England fans in Russia

Britain Beware? 'We May be Drunk - but We Ain't Hooligans!' (PHOTO, VIDEO)

© Sputnik / Maud Start
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Once again, Britain is stirring up the political soup, jumping to blame Russia for another nerve agent attack in Amesbury. It comes as thousands of England fans travel to Russia to witness England play in the semi-finals. Fans have been urged to stay on guard, but how do the fans in Russia feel about that?

The statement released by the UK foreign office urges citizens to be ‘vigilant', if travelling to Russia for the World Cup tournament. British political animosity toward Russia is reaching new heights, as the UK government wastes no time in blaming Russia for an 'attack' in the UK, a poisoning that has left a 44-year-old woman dead. The Kremlin has denied any involvement in the incident, deeming the allegations ‘absurd'. Despite that, the UK Defense Minister has called on the world to 'unite' and condemn Russia.

READ MORE: Football Crazy, Football Mad: How Far Would You Go to See England Play?

Meanwhile, in Moscow, the world is uniting- but it's not in condemnation of Russia. The world is uniting in a countrywide carnival as fans cheer on their favorite teams. Included in the festivities are thousands of Britons who have been travelling around Russia since mid-June. Thousands more England fans have just arrived in Moscow, to witness England play Croatia in the Semi-Finals in Moscow on Wednesday.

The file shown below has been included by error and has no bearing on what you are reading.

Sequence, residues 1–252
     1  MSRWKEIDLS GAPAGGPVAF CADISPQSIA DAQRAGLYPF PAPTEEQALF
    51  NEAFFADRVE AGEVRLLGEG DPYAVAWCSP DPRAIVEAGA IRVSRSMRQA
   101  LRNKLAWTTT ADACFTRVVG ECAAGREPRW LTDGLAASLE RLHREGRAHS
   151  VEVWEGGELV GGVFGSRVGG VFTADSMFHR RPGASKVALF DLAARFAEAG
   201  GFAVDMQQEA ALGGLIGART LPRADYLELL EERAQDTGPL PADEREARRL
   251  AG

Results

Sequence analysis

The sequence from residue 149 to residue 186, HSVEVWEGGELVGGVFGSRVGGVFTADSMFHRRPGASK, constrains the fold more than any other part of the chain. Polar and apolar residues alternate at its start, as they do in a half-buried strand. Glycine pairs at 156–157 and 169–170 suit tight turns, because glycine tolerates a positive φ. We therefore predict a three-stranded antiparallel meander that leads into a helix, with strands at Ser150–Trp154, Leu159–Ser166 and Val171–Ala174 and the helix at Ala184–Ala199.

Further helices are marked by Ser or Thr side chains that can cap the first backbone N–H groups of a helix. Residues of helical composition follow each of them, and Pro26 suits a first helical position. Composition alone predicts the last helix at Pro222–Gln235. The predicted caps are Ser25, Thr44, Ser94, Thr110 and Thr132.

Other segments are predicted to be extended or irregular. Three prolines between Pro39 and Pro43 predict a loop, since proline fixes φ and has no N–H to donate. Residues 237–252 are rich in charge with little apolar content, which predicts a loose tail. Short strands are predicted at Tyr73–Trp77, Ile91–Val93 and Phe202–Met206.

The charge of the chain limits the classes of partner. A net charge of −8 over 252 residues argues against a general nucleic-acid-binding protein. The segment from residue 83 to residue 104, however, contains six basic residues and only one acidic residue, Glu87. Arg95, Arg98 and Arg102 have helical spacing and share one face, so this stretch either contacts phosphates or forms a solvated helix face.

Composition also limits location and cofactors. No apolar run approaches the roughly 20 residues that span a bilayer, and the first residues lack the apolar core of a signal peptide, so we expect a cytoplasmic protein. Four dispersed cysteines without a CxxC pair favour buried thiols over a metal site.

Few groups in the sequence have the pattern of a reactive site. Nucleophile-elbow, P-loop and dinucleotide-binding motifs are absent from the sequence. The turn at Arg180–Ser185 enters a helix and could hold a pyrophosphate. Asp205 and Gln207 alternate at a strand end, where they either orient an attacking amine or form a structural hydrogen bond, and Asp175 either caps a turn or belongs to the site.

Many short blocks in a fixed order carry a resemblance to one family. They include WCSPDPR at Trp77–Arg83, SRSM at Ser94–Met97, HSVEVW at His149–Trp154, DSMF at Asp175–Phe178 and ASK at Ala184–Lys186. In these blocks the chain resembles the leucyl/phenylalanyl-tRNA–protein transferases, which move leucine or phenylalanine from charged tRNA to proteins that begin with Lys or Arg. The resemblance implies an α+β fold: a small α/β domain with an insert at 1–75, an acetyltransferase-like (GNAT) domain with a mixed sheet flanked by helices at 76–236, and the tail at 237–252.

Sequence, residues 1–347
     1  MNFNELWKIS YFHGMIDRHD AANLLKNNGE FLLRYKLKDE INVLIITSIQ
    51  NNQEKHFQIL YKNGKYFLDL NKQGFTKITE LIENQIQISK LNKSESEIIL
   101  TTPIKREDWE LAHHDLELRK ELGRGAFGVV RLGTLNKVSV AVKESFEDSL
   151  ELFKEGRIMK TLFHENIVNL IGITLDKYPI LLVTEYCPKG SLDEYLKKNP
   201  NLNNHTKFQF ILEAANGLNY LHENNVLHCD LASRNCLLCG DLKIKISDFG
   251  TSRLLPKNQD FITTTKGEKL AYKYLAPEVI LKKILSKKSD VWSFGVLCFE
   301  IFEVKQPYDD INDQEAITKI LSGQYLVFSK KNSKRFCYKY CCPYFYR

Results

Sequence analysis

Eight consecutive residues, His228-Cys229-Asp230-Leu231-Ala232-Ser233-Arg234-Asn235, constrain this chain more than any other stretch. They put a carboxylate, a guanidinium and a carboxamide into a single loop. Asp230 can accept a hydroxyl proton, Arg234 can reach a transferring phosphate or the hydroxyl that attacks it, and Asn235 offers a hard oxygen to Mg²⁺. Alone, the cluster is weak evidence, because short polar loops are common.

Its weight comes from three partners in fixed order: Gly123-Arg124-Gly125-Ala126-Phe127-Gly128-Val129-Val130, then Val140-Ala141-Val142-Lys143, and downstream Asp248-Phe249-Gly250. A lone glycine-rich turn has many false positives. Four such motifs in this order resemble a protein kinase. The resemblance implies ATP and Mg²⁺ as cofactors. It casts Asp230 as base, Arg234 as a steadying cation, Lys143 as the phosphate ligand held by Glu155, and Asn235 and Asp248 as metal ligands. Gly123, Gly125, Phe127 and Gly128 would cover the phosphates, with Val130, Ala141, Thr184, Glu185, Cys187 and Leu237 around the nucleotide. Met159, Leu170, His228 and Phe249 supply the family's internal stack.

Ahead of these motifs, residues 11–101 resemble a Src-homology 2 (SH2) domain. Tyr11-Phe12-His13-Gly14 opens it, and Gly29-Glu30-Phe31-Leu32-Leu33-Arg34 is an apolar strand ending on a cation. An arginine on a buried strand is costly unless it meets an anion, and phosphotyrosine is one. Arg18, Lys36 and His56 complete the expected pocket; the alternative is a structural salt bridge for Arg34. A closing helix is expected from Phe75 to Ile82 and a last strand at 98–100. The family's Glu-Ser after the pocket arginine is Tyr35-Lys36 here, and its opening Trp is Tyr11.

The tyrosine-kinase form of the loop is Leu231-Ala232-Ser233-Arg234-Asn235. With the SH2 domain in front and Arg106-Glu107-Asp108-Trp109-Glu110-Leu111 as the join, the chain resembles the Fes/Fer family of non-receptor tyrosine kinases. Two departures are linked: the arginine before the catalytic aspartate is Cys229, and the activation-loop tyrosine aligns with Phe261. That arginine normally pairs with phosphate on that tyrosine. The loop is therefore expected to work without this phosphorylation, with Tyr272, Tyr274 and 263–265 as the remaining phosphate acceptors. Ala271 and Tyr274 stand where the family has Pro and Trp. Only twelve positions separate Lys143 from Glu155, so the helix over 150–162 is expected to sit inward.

​These fresh-faced football fanatics are full of energy, sounding up the central ‘Street of Lights' with their raucous singing. Their songs can be heard from a mile off, a noisy reminder of England's newfound presence in the tournament. A crowd of onlookers gather round, pointing their smartphones to preserve a glimpse of the English in action.

"These guys are not the hooligans, they're just drunk. The real hooligans are sitting in a bar down there, minding their own business. They don't want to cause trouble, they just want to enjoy the football."

That's Gary, a self-proclaimed ex-hooligan that has flown to Russia for the Semi-final. He's not overly keen to be interviewed, but he's adamant that the English here are not wanting to cause trouble. The rest of the revellers are ready to agree. It's true, the crowd is noisy, but they're all in a good mood, playing up to the cameras. Nevertheless, the police are on standby, keeping the lid on the loudest bunch on Moscow's Nikolskaya Street.

Gary gestures to a bunch of twenty-somethings who have started to take down an umbrella in the café. The police come running, and the culprits get a mild scolding. The café owners scowl and pack up the umbrella. ‘No problems here', says Liam, from the West Midlands. He's keen to dispel the idea that the England fans are looking for trouble. And in a way, he seems slightly sad about the reputation that England have abroad.

"We Britons get a bad rep. Yes, I've ‘ad a drink. Yes, we're singing songs. I don't really care where I'm from. Well, I do, cause I'm English- and it's coming home. We're not bad people, we just wanna have a good time, have a drink. As everyone does. Moscow, Spain, Brazil, Croatia. I'm not fussed. Just a good time. Good people, good food. Let's have a good drink. Let's have a good party!"

READ MORE: Tricking Ticketing System: England Fans Get Spontaneous for a Glimpse of Game